As illustrated in Fig. 1 (bottom), the acceleration encoding gradient waveform in the phase direction was designed by assuming a symmetric gradient waveform with identical ramp times r for all three gradient lobes and the additional condition that t2 = 2t1 + r. For all lobes, maximum gradient amplitudes hmax were assumed and gradient waveform timing was calculated according to Eq. 5. The phase encoding gradient needed for spatial encoding was added to the central gradient lobe by prolonging the duration t2 of the central gradient lobe by Ap/hmax, where Ap is the maximum gradient area required for phase encoding. The amplitude of the central encoding lobe was adjusted according to the respective phase encoding step. For the encoding of the up-case, the same tripolar gradient waveform with inverted gradient amplitudes was used.

The optimized acceleration encoding waveforms were integrated into a k-space segmented rf-spoiled gradient echo sequence. Analogous to balanced four-point velocity encoding in PC MRI, four differently acceleration encoded measurements were necessary for three-directional APM (23).

MR Imaging

All measurements were performed on a 1.5T Espree System and a 3T Trio System (Siemens, Erlangen, Germany). Depending on the performance of the gradient system for each scanner, the maximum gradient amplitude hmax and the ramp time r were chosen such that 2D slices with arbitrary angulations could be selected (hmax =21.9 mT/m at 3T, hmax = 19 mT/m at 1.5T), and stimulation limits were avoided (r = 300 μs at 3T, r = 330 μs at 1.5T).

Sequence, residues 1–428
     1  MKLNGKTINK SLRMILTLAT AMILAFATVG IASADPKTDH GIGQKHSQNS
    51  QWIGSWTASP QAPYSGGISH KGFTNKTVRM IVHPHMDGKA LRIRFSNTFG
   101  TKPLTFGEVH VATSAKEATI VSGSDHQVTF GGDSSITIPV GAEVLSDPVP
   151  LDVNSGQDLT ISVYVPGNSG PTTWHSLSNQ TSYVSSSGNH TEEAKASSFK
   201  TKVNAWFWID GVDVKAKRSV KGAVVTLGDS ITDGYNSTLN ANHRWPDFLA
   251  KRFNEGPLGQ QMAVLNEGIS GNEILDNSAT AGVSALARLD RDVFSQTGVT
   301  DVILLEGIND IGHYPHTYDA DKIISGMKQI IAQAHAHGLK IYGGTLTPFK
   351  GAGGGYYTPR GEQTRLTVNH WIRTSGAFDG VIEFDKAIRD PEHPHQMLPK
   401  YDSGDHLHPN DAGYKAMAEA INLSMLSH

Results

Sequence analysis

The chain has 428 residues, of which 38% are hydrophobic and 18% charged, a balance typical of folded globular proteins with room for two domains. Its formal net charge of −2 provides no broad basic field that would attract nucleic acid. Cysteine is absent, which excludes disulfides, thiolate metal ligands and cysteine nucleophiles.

Phantom Experiments

Three-directional APM with acceleration sensitivity aenc = ± 24 m/s2 was validated on the 3T system using a rotating phantom with known diameter and rotating frequency and thus known regional acceleration. Other imaging parameters were: TE = 8.7 ms, TR = 11.3 ms, image matrix 256 × 167, FOV = 360 × 360mm2, spatial resolution = 1.4 × 2.2 mm2, slice thickness = 8 mm, receiver bandwidth 450 Hz/Px, flip angle 15°. For validation of in-plane acceleration encoding along read and phase direction, 2D slices orthogonal to the rotation axis were acquired. Through plane acceleration encoding along the slice encoding direction was tested by acquiring transverse slices parallel to the axis of rotation. To correct for background phase errors, a stationary phantom measurement was performed and subtracted from the data of the rotating phantom.

Volunteer Study